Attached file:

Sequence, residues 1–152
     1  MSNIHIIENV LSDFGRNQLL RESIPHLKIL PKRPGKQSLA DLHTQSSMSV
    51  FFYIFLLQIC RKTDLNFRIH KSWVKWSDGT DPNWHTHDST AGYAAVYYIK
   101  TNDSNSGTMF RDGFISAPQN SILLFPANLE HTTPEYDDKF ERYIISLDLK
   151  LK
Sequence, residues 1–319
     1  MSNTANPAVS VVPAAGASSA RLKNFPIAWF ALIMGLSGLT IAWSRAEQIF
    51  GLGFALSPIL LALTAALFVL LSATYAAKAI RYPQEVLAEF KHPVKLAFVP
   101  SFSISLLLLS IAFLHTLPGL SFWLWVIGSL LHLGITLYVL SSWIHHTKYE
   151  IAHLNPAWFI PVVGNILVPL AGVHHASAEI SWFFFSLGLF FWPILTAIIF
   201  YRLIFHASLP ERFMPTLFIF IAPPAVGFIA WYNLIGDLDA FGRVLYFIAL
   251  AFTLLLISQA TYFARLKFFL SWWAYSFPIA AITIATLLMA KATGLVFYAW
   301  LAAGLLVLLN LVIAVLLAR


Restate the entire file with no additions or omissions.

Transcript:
Sequence, residues 1–152
     1  MSNIHIIENV LSDFGRNQLL RESIPHLKIL PKRPGKQSLA DLHTQSSMSV
    51  FFYIFLLQIC RKTDLNFRIH KSWVKWSDGT DPNWHTHDST AGYAAVYYIK
   101  TNDSNSGTMF RDGFISAPQN SILLFPANLE HTTPEYDDKF ERYIISLDLK
   151  LK
Sequence, residues 1–319
     1  MSNTANPAVS VVPAAGASSA RLKNFPIAWF ALIMGLSGLT IAWSRAEQIF
    51  GLGFALSPIL LALTAALFVL LSATYAAKAI RYPQEVLAEF KHPVKLAFVP
   101  SFSISLLLLS IAFLHTLPGL SFWLWVIGSL LHLGITLYVL SSWIHHTKYE
   151  IAHLNPAWFI PVVGNILVPL AGVHHASAEI SWFFFSLGLF FWPILTAIIF
   201  YRLIFHASLP ERFMPTLFIF IAPPAVGFIA WYNLIGDLDA FGRVLYFIAL
   251  AFTLLLISQA TYFARLKFFL SWWAYSFPIA AITIATLLMA KATGLVFYAW
   301  LAAGLLVLLN LVIAVLLAR